So as to not go on any further explaining the joys or not of trying to grow an “organic” only garden,  I defer to this guest post; “Why I’m Through with Organic Farmingauthored by Mike Bendzela.  Reading this really set the tone for me when it comes to the convoluted and complicated explanations I come up with when describing my practices of “organic” gardening vs. not organic?   Its a long piece as the blog site author describes, but it says it like I mean it!    One example, and I quote;  ” Organic farmers use pesticides and they have to follow the same laws as non-organic farmers.  No amount of special pleading (“But they’re natural!”) negates this fact”.   How ’bout them apples?   Another humorous statement to contemplate and I also quote;  “As one of the partners of Dow Farm daily injects himself with insulin that is produced through recombinant DNA technology,  does this mean he can never consider himself an “organic” farmer?  Good one!

      Please indulge me, for this is truly a well written piece!

     At the end of the day,  I have concluded that “organic” vs. “modified” or”chemical” seems to be even more convoluted, thanks to the intelligent teeter tottering of our agricultural rulers, attorneys and their uncompromising  laws!   As a gardener consuming what I grow,  all I desire is that the foods I ingest have a fairly strong chance of rendering  their vitamin and enzyme content in the most practical and wholesome way in order to keep me and the ones I love strong and healthy.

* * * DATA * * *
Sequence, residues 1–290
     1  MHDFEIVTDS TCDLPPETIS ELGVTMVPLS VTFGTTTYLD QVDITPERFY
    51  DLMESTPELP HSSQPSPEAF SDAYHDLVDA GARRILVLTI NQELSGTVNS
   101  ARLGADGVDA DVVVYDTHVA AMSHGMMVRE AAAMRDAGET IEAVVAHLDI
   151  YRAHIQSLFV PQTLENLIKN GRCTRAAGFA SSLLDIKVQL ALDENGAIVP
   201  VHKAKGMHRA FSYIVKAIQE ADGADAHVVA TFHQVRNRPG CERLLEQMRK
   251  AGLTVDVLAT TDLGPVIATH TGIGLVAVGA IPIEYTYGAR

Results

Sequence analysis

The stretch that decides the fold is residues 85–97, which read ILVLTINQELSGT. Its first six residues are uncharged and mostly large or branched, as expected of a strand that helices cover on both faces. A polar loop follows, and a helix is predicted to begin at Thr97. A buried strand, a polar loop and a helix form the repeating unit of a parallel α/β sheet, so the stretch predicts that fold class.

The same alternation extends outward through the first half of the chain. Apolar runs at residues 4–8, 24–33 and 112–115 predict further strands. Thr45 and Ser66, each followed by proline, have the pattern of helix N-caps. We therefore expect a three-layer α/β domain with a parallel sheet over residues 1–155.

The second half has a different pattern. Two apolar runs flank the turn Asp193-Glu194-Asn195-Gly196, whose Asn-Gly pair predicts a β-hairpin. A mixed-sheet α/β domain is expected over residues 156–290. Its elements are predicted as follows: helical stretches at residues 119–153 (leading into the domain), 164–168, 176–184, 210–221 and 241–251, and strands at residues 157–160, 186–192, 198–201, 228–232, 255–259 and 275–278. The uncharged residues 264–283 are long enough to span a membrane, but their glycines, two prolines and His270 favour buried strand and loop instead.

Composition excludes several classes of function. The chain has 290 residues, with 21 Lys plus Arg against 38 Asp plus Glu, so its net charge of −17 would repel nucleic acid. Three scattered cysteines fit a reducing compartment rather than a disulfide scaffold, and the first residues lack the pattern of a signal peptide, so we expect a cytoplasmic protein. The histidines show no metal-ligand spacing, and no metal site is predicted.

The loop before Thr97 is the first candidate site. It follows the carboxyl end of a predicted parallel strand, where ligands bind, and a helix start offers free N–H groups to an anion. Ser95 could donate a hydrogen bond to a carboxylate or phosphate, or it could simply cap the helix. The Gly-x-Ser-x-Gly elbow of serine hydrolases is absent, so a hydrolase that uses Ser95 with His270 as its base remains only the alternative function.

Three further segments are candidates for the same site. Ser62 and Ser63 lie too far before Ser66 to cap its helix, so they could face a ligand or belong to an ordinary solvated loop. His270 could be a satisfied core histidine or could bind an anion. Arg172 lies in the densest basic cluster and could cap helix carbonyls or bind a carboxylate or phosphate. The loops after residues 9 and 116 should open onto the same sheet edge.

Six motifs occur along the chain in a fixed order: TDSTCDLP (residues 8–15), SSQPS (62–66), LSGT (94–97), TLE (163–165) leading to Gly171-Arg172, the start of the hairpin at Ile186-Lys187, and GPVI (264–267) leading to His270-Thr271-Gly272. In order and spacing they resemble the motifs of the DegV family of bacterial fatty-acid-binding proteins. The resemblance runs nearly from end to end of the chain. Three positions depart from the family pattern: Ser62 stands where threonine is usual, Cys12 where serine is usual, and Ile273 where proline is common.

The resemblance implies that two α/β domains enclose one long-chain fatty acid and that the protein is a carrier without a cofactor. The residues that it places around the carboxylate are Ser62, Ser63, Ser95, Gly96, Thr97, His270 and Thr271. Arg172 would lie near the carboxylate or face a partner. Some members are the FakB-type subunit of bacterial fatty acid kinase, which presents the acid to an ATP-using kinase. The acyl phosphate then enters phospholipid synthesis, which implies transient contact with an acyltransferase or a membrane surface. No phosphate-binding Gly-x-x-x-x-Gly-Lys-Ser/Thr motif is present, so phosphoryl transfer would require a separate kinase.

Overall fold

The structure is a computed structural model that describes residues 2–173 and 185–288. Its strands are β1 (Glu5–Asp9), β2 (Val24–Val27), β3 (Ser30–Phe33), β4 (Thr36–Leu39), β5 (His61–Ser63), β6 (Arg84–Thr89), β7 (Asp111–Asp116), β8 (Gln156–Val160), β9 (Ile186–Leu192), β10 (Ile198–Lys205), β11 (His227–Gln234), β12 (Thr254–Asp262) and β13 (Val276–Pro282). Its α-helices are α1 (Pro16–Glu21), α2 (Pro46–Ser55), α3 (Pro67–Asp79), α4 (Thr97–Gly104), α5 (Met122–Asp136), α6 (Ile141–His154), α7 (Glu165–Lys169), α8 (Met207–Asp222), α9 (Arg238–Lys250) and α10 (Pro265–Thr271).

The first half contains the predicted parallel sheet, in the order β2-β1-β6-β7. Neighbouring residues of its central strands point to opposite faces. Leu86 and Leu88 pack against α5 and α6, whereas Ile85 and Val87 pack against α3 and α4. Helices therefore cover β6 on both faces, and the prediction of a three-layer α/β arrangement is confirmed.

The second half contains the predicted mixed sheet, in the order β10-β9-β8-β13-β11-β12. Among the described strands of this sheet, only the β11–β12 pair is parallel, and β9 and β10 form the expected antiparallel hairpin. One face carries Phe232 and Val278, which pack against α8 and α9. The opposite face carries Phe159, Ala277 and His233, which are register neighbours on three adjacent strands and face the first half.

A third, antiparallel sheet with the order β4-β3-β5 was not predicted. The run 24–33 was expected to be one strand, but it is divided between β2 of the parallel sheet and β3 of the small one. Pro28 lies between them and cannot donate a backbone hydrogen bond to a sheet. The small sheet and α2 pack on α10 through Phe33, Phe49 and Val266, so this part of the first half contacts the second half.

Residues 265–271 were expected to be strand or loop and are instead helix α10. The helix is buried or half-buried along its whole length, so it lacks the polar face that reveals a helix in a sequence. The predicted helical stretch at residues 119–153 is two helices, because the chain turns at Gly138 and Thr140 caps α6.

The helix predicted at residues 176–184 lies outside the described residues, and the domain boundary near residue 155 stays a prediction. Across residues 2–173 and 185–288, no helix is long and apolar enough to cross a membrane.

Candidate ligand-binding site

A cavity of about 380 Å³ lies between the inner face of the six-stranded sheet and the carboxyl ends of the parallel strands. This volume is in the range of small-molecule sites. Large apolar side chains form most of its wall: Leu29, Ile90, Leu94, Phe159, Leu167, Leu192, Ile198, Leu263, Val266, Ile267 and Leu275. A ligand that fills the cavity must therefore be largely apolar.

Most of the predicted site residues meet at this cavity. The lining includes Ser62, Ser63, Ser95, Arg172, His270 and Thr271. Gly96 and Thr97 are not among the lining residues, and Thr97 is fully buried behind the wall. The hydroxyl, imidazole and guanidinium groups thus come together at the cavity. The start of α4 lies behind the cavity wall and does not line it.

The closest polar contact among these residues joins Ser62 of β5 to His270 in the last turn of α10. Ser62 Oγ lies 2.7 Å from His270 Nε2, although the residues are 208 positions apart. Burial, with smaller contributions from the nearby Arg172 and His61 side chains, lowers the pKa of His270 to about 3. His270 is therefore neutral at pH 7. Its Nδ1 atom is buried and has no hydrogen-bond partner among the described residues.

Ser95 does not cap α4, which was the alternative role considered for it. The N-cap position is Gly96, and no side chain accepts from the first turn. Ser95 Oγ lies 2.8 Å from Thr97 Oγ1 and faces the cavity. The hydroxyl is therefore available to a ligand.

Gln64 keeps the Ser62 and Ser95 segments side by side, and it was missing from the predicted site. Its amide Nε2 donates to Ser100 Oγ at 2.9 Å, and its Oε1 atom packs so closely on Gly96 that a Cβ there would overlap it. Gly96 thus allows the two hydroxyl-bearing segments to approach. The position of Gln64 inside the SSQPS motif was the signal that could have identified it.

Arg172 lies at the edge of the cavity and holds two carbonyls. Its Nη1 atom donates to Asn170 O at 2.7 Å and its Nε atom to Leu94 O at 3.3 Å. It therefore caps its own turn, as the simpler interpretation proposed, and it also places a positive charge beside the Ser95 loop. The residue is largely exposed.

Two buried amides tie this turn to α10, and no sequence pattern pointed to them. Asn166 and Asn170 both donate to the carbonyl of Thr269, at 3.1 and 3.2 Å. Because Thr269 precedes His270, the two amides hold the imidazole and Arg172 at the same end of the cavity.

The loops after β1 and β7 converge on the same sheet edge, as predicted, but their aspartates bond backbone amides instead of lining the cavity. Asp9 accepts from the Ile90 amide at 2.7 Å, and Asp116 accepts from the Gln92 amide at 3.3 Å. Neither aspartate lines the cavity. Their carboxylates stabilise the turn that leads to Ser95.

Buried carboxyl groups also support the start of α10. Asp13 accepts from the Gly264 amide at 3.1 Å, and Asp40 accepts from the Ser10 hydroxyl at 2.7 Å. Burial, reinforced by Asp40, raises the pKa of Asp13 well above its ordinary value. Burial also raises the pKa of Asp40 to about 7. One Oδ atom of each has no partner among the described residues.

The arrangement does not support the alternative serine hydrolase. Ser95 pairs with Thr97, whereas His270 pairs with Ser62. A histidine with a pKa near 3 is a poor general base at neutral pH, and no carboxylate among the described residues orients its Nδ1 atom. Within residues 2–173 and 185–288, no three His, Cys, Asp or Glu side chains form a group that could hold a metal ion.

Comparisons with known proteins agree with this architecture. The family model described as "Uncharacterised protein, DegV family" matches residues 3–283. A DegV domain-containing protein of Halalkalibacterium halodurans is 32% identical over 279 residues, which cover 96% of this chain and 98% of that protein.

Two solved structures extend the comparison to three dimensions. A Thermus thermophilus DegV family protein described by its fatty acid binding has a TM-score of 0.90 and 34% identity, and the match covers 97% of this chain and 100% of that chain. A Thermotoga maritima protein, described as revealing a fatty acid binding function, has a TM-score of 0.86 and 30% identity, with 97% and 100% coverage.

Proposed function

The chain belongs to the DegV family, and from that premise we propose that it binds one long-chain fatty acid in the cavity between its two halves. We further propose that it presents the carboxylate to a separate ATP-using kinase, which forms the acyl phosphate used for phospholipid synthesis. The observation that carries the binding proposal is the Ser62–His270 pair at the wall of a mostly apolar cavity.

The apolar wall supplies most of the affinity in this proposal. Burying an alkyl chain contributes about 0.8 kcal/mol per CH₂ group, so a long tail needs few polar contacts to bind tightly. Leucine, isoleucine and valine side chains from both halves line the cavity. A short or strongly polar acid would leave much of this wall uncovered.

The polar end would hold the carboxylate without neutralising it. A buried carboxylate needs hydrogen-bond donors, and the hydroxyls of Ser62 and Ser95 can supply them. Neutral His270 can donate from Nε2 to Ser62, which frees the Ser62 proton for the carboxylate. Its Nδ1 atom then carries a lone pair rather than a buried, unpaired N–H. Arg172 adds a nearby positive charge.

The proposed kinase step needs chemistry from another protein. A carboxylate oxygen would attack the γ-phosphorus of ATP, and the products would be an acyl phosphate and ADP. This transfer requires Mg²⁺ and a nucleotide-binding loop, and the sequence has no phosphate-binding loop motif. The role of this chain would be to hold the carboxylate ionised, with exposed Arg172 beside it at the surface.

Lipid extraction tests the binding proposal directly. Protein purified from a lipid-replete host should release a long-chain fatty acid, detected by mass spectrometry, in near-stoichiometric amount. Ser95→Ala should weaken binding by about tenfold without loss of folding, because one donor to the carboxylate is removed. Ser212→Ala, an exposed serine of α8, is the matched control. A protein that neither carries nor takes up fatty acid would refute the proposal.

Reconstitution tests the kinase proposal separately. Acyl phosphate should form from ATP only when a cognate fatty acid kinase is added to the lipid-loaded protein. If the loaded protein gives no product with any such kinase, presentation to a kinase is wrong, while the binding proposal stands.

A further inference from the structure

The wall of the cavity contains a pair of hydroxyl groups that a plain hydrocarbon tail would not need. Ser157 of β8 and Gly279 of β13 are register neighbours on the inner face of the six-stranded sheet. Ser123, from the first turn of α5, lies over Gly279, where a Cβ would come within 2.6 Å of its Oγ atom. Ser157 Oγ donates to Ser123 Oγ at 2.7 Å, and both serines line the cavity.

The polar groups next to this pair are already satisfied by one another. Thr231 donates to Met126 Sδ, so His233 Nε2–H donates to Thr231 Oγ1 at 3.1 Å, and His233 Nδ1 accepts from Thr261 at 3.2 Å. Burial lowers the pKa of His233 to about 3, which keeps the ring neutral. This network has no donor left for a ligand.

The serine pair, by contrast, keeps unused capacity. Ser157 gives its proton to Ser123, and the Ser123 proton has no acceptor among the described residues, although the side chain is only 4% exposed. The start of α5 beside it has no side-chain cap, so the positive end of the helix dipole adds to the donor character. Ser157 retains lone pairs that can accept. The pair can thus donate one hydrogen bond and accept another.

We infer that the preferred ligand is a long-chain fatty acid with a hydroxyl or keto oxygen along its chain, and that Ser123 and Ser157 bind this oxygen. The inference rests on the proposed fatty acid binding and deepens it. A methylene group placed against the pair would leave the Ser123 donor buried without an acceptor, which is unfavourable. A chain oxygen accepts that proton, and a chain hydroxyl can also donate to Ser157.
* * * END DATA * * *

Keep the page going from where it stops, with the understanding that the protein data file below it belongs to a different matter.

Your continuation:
A Natives view of living in the foothills of the San Bernardino Mountains

San Bernardino Mtns from our front yard!
San Bernardino Mtns from our front yard!

      Here in Southern California it is said that the sun always shines.  Well….. the four seasons effect may not be as obvious here as it is in the eastern states but I will say this as a native Californian, we do have four seasons.  Our seasons may be milder out here in the west coast but each in their ways are still the antithesis of the other.

      Although here in the Inland Empire we enjoy a special set of circumstances or as I like to say…..special benefits!  You may have heard of a place in Southern California where one could ski down a fresh path of snow then hang ten on the surf all in the same day!  Well its true!   I could easily enjoy my 20 minute drive to Mt. Baldy in time to enjoy the morning sun while skiing down the slopes then drive right back down the mountain and south on the local freeway to end up at our popular Newport Beach just one hour (or less) away to reap the rewards of a suntan and end the day with a glass of wine at sunset!  And of course not to forget that there is always some sun a hour the other direction (east) ending up in  Palm Springs another famous and popular destination in our local desert!

      In winter it rains plenty most years and it can get very cold.   Our San Bernardino Mountains are gifted with a few great ski resorts just minutes away!    As an avid snow skier, I can tell you that it is awesome living close to several ski resorts.  One, Mt. Baldy, being my favorite (when there is lots of snow) is 20 minutes from our house!   And then there is Mountain High, Big Bear, Bear Mountain, and Snow Valley all within  1 and 1/2 hrs  drive! 

       Down along the foothills of the San Bernardino Mountains acres and acres of citrus (mostly orange and lemon) were planted.   I grew up waking to the smell of smudge pots that were fired up to keep the groves from freezing on nights when the temps would drop down into the 30’s.   School boys in need of extra cash would scramble from grove to grove lighting these smudge pots so no one would lose their crop.  Alas, most of these citrus groves have been replaced with shopping developments and housing.  I miss the strong sweet smell of the orange blossoms that were so dominant in early spring!